Over the last few days, there was no escaping the result of the San Antonio Spurs season last year. The Spurs were just 28-seconds away from winning the NBA Championship before Danny Green missed a box out on LeBron James, which allowed James to put in a last minute bucket to force the game into overtime. The Heat would eventually win that game, as well as Game 7 to win their second consecutive NBA Championship. It was one of the wildest turnarounds in sports history, and you couldn’t escape hearing about it as things led up to the two teams matching up against each other on Thursday night.
It may not have been for an NBA Championship, but the Spurs 111-87 win allowed for a bit of revenge, and it might’ve also turned some heads around the league as well.
Despite being in second place in the West, the Spurs have earned plenty of criticism against the tougher teams that they’ve played this year. Although they have one of the best records in the league against sub .500 teams, they have showed continual problems against Oklahoma City and Portland, and they also had a 0-2 record against Indiana and Miami before Thursday.
Tim Duncan was the biggest factor in this one for the Spurs. He had 23 points, 11 rebounds and added a block as well. He also had two assists, including one on a pass to Thiago Splitter where Duncan led a fast break and looked more like Tony Parker. Just two games after LeBron hit a career high against Charlotte with 61, he only churned out 19 on Thursday. Instead, Chris Bosh led the team with 24 points scoring.
The 24-point loss was the biggest deficit for the Heat on the year. It also showed that despite some of the slumping that the Spurs have had against the better teams in the league, they should not be misjudged or undervalued. Instead, they have proven time and time again that they are in no rush to prove anything during the regular season, and their age and experience does all the talking they need in the playoffs.
One of the biggest reasons that LeBron was relatively quiet on the night could’ve been because of his broken nose. He removed his mask during the game but hardly saw much improvement as he went just 1-11 from outside the paint. Much of his struggles surely also had to come because of the lock-down defense that Kawhi Leonard provided, holding LeBron to one of his worst shooting performances on the year.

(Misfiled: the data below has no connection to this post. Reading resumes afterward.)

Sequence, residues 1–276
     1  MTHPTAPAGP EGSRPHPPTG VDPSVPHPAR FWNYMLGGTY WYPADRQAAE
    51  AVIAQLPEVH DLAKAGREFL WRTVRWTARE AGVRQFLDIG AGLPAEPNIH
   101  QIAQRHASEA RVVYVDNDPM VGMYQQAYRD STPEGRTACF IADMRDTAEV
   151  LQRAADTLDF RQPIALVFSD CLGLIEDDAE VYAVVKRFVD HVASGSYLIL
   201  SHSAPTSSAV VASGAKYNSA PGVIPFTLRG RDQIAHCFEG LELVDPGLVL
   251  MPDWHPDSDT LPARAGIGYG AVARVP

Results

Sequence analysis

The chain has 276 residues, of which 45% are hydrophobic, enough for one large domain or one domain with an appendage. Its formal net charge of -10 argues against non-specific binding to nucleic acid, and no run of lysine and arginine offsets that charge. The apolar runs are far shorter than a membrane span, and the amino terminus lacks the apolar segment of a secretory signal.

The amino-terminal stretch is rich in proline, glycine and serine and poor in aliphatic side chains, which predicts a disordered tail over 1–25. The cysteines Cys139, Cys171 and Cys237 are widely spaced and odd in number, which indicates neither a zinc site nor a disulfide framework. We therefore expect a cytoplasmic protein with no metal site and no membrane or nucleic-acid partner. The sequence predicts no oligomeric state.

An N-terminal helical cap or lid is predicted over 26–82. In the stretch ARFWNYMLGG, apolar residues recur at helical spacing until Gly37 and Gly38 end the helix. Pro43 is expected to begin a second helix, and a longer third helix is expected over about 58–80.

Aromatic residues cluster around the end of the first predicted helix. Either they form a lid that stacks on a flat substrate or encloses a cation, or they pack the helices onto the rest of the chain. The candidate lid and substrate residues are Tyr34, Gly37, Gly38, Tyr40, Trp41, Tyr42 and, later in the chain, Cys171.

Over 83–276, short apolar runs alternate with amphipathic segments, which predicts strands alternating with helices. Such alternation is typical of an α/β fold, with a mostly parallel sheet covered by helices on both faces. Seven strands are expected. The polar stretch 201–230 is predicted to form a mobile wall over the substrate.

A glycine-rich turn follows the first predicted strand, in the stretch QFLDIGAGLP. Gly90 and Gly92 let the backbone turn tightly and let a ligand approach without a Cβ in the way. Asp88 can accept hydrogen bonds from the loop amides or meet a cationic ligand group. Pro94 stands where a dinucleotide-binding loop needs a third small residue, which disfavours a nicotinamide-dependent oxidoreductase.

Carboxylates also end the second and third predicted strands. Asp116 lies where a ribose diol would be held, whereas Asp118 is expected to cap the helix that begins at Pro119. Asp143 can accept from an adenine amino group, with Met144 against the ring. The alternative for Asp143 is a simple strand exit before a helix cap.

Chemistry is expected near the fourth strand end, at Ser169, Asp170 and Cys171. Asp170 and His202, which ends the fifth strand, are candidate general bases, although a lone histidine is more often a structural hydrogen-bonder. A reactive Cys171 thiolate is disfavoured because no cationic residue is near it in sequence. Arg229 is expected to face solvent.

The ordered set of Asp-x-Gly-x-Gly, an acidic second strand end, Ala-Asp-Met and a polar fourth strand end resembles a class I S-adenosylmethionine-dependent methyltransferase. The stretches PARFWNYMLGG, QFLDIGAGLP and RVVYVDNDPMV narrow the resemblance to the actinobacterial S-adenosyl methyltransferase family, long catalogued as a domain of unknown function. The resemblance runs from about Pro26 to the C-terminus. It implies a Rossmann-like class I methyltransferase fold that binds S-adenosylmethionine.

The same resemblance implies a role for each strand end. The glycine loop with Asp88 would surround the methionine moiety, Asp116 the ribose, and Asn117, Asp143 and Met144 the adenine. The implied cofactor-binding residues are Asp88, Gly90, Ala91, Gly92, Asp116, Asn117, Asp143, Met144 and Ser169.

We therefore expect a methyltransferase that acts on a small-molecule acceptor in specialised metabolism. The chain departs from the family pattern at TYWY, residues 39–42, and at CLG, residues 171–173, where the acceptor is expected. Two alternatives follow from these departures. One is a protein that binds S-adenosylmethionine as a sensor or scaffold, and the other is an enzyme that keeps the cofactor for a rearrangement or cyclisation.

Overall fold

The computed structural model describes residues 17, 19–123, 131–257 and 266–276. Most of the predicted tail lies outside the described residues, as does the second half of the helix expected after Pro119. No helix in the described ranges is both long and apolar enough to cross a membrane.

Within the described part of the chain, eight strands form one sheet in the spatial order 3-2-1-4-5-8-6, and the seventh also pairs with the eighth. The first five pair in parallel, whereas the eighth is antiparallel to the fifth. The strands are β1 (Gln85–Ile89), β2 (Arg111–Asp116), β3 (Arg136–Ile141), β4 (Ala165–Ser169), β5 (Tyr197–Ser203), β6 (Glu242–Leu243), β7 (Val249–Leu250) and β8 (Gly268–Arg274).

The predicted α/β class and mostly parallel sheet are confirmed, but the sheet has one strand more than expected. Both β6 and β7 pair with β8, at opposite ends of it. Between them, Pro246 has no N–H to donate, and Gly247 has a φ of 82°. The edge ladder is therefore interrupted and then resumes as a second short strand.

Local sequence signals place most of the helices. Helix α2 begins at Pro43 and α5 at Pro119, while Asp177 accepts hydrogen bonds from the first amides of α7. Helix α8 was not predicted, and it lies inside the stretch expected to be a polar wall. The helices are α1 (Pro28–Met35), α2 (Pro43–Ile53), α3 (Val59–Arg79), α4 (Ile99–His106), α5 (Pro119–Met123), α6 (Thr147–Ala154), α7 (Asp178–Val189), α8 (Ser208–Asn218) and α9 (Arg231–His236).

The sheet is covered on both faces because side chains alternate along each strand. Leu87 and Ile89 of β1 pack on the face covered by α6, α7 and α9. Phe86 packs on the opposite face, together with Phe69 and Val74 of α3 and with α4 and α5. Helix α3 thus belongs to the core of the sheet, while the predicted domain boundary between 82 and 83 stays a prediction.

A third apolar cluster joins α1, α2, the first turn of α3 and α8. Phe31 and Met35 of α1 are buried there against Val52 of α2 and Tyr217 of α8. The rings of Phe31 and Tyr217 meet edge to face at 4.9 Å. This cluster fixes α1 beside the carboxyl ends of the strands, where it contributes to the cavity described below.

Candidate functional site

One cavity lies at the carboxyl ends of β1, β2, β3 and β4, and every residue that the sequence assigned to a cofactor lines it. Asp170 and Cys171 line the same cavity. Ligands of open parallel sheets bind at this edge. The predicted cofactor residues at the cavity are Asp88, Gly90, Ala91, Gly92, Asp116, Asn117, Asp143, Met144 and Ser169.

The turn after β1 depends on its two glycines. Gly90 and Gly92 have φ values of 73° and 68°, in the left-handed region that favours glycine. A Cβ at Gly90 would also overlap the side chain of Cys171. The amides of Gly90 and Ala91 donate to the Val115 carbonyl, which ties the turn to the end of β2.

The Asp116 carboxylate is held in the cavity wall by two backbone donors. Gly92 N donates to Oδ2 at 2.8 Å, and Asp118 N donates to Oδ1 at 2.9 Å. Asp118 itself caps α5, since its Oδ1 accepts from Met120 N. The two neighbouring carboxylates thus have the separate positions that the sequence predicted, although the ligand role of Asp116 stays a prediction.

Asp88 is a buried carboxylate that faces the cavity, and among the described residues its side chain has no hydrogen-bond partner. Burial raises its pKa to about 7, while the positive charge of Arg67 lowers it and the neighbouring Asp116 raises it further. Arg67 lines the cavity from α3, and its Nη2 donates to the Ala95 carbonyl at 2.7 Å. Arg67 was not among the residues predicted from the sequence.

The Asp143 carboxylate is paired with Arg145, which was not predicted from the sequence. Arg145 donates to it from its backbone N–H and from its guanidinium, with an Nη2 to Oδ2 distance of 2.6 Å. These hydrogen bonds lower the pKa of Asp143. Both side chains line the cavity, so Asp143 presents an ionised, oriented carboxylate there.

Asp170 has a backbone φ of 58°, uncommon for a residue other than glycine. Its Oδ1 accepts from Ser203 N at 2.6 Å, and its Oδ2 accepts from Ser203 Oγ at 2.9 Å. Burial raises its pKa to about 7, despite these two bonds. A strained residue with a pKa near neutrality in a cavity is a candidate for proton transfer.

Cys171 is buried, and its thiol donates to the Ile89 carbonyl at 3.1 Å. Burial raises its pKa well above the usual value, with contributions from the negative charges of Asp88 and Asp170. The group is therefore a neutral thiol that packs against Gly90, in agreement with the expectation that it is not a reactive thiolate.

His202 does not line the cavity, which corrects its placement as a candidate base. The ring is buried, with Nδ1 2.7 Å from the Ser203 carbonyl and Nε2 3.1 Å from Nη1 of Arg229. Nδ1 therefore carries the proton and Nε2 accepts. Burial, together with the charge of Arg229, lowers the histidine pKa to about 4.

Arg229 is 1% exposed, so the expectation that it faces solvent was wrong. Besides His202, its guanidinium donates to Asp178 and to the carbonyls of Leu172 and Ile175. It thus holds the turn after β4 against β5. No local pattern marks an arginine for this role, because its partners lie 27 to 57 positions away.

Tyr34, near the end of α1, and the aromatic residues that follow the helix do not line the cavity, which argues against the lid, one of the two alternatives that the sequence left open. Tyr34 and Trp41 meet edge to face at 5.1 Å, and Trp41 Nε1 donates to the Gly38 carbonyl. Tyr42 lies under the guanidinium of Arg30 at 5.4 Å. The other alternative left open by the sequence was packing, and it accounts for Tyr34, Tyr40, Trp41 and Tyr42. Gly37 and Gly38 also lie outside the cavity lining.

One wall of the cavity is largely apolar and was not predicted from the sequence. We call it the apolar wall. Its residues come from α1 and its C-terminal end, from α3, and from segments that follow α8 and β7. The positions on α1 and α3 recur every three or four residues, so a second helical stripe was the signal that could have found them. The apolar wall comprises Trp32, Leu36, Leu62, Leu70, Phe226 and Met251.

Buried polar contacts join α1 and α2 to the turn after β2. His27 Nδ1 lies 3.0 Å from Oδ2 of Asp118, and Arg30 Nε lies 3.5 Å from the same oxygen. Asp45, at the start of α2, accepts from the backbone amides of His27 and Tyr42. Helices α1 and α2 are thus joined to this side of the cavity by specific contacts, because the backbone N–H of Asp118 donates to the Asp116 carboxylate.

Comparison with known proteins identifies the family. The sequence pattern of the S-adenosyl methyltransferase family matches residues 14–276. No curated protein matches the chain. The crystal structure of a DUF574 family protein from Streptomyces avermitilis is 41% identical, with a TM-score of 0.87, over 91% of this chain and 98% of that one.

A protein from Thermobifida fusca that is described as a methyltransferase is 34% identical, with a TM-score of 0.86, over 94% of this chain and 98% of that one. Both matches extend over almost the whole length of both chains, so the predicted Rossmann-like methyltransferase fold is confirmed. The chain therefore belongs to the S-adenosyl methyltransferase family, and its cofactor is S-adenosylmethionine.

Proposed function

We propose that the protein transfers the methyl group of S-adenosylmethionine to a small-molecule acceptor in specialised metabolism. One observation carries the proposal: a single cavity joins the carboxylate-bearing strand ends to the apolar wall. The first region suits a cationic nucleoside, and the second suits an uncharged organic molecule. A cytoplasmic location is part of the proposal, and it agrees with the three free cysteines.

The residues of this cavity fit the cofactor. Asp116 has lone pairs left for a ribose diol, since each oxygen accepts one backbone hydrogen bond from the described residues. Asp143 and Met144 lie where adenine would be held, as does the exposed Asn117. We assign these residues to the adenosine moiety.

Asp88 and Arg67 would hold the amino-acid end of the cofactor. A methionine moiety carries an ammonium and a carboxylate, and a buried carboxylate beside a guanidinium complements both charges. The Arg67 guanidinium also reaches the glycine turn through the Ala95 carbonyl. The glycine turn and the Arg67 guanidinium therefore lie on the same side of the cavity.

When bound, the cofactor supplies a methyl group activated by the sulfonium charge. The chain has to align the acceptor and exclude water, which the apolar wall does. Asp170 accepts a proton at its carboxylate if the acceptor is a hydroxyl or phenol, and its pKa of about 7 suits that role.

It’s hard to focus on one moment and give it too much oversight. However, if James hadn’t gotten that rebound in Game 6 last year, we might be looking at a completely different makeup of the NBA. Instead of being the two-time defending champions, the Heat would’ve lost to the elderly Spurs. And instead of things being harmonious in South Beach, we surely would’ve heard plenty of controversy surrounding the Big Three. Nonetheless, the Heat did win and things have been going their way thus far this year.
However, if you think that we could be looking at a finals rematch between these two teams, consider the importance that Thursday’s game could’ve had. It wasn’t just a loss, but it was a huge loss. There has to be something said about the mental warfare that the Spurs play on teams with their, “we’ll beat you when we want to beat you attitude.” And with both teams virtually identical with their current records, the home court advantage could be the biggest factor into that potential series.
The Heat are now at 2/1 to win the NBA Championship this year and the Spurs have moved to 12/1. It’s not too late to hop on the Spurs-train, if you think they can hold up throughout the remainder of the year and throughout the playoffs as they make what could be one of the last pushes of the Tim Duncan era.